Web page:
How to make a lintel opening in an existing concrete block wall

Lintels are usually used to strengthen areas of buildings in preparation for load bearing. They can also be used as purely decorative features. Making an opening in a concrete block wall will allow you to bed the lintel in. This way, it will function as an integrated structural support component.

Measure the cross-section of the lintel. Decide what thickness of cement you will need to hold the lintel in place. This will depend on the chosen construction method. Add these additional amounts to the lintel cross-section measurements.

Draw a rectangle on the wall where the lintel will penetrate the concrete. Work to the measurements arrived at in step one. Use a spirit level and set square to ensure the rectangle is true.

Use a cable and pipe locator to check for electrical cables, water and gas pipes in the area. If all is clear, fit a 200 mm (8 inches) masonry drill bit into a hammer drill. Drill a 150 mm (6 inches) deep hole at each corner of the rectangle. The Faculty of the Built Environment at the University of the West of England, Bristol, suggests a depth of 150 mm (6 inches) for lintels.

Hold a brick bolster against one of the pencil lines. Tap it with a hammer. In a very similar job, Bob Vila recommends a club hammer. Continue tapping, to chip the line into the wall. Do the same with the other lines. The drill holes and chip marks define the outer edges of the rectangular hole you need to cut.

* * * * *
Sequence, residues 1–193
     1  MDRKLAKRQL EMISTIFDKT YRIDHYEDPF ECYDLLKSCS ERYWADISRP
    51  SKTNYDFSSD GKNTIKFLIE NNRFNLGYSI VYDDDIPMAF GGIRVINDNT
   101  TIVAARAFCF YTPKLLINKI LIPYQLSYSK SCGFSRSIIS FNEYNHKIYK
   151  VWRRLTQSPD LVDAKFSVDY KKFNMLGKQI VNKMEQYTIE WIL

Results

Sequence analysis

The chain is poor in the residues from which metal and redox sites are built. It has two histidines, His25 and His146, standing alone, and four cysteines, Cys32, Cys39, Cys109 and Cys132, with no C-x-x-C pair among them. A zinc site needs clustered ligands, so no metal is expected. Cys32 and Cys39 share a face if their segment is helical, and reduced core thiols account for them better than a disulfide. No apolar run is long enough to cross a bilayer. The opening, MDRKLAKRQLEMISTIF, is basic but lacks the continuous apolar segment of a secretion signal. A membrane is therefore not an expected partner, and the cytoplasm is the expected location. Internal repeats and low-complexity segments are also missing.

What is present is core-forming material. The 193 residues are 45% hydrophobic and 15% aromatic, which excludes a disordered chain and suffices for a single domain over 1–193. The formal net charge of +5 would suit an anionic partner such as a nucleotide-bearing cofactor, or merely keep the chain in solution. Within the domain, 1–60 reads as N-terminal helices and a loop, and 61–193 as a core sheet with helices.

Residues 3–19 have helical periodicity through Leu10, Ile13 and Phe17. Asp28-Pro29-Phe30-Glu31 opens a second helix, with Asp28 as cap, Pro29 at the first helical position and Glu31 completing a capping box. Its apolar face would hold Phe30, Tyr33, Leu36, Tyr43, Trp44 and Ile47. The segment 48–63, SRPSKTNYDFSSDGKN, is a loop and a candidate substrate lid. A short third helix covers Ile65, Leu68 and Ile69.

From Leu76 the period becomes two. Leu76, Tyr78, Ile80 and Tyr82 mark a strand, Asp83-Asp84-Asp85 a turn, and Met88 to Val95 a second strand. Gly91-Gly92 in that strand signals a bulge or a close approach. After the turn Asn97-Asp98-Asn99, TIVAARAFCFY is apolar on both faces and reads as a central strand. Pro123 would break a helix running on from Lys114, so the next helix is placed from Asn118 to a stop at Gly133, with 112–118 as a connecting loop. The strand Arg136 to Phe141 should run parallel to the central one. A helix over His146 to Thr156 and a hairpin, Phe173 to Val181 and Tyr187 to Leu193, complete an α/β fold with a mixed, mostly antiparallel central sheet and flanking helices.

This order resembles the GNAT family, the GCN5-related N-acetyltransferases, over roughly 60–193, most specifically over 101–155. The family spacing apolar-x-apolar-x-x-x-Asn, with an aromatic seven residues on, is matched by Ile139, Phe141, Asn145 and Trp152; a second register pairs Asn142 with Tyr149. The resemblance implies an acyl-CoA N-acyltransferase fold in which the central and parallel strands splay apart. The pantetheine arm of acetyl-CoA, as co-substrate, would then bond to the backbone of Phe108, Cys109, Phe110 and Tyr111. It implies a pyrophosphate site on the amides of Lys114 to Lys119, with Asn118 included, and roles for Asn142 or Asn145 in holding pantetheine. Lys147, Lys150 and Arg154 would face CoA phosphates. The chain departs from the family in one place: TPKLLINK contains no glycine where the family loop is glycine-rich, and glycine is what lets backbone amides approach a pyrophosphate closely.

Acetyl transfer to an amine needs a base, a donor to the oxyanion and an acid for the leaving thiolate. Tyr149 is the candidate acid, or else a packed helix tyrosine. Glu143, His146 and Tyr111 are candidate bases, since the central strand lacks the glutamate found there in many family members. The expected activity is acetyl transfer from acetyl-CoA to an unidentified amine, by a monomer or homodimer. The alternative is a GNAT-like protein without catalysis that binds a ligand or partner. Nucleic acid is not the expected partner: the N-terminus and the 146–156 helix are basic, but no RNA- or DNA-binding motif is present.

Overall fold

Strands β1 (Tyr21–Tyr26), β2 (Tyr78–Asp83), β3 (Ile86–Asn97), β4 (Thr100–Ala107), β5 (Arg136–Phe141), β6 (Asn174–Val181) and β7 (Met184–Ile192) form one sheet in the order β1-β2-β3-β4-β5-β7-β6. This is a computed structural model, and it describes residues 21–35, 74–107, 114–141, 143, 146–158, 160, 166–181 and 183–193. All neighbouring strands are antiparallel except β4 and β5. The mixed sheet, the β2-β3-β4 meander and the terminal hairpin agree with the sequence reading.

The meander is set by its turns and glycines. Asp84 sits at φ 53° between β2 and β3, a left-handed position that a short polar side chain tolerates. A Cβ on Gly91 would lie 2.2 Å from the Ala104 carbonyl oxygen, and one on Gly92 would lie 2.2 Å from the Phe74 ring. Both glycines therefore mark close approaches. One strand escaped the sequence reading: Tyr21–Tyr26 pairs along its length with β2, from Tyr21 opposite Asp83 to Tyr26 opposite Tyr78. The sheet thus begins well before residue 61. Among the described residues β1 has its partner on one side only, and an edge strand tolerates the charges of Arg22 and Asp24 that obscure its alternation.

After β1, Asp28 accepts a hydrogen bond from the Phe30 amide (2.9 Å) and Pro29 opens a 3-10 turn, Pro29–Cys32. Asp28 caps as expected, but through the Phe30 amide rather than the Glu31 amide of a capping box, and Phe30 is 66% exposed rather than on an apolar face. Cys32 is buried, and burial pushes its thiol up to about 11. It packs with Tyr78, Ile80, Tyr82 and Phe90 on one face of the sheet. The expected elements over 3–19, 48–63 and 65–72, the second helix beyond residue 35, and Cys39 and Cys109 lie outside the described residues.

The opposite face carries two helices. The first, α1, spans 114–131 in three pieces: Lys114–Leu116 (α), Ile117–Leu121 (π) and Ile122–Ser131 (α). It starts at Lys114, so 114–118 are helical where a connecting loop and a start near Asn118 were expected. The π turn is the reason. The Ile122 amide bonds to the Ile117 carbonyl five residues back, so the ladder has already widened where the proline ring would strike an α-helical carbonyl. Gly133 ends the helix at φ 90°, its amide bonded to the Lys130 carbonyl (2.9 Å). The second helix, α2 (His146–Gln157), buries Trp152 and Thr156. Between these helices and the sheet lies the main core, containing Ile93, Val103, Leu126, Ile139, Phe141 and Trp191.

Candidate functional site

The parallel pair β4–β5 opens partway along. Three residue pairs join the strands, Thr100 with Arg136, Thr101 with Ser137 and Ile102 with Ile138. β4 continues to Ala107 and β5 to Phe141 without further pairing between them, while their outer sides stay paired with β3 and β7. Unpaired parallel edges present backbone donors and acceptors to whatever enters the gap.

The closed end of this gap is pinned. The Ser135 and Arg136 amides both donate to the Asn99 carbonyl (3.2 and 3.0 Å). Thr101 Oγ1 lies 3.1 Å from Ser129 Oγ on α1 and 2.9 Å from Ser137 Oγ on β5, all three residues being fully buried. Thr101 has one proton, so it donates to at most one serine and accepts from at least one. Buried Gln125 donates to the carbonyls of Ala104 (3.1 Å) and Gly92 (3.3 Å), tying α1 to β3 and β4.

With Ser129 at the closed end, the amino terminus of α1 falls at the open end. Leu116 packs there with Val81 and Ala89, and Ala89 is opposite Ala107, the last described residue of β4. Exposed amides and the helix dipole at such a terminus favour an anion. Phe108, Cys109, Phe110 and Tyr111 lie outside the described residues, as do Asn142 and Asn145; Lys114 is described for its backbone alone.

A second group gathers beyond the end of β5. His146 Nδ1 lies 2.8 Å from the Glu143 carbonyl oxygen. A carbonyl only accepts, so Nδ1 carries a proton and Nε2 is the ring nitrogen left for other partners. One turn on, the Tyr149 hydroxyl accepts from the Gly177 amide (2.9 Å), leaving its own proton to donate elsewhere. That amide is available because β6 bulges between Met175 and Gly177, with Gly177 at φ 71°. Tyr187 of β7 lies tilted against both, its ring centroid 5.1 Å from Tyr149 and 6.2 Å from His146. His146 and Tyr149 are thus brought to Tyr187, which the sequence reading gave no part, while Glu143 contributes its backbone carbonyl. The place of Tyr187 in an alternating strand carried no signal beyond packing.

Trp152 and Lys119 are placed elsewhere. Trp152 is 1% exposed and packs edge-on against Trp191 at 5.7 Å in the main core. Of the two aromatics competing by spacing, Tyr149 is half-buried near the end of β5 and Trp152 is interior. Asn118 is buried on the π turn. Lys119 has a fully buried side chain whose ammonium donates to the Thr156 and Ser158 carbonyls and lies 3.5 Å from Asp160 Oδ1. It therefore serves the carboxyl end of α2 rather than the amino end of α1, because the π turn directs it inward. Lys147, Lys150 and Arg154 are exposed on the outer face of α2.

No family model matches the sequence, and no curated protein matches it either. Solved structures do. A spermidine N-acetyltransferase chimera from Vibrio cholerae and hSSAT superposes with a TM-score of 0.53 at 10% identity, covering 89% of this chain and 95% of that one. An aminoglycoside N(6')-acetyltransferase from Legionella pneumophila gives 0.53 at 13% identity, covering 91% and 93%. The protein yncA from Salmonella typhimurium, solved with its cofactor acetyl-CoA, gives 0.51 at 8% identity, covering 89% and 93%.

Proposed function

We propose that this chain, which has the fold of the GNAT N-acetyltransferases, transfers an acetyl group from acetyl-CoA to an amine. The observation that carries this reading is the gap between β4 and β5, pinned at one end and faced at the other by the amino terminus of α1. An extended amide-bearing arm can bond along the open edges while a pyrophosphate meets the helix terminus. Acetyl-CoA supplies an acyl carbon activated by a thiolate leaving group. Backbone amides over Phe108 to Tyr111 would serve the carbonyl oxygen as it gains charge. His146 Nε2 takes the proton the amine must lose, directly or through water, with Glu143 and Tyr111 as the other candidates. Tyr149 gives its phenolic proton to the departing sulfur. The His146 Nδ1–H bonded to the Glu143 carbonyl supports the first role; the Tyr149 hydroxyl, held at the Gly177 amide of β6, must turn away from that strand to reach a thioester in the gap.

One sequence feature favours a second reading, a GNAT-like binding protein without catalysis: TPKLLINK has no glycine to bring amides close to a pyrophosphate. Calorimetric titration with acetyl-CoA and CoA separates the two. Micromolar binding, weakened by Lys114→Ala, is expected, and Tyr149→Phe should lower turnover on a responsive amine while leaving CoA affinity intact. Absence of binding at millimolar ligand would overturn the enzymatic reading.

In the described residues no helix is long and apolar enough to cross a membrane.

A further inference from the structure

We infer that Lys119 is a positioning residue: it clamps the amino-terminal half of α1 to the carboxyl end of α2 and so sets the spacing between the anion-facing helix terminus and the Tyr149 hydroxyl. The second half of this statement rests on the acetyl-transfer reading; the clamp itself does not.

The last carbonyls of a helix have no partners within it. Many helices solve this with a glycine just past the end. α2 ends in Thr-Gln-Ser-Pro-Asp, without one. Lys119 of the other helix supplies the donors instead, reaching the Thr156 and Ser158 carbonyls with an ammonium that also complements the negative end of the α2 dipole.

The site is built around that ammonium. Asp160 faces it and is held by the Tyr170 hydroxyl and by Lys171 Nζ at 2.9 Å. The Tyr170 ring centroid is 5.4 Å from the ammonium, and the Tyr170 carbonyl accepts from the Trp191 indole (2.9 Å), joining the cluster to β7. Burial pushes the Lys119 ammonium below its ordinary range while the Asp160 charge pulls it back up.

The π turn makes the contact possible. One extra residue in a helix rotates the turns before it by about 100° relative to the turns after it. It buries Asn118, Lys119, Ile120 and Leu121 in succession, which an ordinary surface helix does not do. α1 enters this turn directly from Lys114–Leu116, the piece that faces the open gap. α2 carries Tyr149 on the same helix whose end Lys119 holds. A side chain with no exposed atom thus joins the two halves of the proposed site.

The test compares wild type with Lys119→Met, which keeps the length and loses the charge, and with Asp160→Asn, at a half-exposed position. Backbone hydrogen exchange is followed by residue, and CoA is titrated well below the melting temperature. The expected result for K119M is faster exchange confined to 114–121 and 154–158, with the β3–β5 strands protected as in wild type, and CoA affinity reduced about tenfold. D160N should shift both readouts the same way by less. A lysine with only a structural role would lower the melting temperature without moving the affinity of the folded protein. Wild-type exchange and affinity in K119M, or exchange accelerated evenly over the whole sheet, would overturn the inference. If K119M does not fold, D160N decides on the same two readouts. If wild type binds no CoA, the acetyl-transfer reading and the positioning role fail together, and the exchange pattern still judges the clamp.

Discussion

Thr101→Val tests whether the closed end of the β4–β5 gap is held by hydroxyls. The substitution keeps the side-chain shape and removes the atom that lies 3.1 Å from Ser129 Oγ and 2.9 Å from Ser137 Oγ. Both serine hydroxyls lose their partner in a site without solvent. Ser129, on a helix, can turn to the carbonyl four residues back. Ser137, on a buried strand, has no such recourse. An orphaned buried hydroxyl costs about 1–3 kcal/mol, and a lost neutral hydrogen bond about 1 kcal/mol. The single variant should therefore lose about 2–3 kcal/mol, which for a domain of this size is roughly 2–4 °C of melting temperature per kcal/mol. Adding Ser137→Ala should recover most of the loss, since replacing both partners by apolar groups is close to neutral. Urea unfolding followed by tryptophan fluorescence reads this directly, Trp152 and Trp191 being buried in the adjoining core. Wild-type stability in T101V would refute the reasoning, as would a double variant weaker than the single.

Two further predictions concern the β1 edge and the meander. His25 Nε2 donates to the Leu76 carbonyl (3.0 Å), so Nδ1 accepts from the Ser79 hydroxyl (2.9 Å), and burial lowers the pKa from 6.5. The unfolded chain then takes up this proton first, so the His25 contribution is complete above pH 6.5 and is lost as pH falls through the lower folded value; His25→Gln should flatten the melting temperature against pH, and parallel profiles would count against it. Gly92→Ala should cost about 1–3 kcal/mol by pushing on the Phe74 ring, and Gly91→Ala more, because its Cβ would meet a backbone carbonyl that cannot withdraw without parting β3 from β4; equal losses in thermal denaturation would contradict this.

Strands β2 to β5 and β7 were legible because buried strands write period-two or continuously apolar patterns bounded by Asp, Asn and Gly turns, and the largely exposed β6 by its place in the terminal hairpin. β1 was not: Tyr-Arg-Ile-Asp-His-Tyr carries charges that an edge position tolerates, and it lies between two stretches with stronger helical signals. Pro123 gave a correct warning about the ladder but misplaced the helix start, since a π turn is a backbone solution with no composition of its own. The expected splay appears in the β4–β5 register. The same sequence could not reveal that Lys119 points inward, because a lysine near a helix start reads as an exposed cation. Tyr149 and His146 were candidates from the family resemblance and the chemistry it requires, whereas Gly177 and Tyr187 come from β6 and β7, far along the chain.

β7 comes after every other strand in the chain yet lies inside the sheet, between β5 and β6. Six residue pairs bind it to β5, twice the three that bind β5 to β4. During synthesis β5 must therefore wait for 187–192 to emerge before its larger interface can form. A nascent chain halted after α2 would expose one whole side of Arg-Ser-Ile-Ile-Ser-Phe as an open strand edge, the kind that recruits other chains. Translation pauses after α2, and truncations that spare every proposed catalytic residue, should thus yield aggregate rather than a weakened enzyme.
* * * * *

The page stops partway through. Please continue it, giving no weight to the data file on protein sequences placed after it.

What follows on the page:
Chip away more material by knocking the brick bolster -- or other chisels, as required -- against the concrete block. Keep working until you have formed a rectangular hole of the correct dimensions.


Place a piece of tape around the 200 mm drill bit at 150 mm from the point. This will function as a visual depth stop indicator. Stowell Concrete recommends a stiff mortar mix. Use three parts sand to one part cement.


Wear goggles, strong leather gloves and a mask.

Things You'll Need

  • Ruler
  • Spirit level
  • Set square
  • Pencil
  • Cable and pipe locator
  • 200 mm masonry drill bit
  • Hammer drill
  • Brick bolster
  • Club hammer
  • Chisels
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About the Author

Frank Luger had his first educational resources published in the early 1990s. He worked on a major reading system for Cambridge University Press, became an information-technology adviser and authored interactive whiteboard resources for "The Guardian." Luger studied English literature and holds a Bachelor of Education honors degree from Leeds University.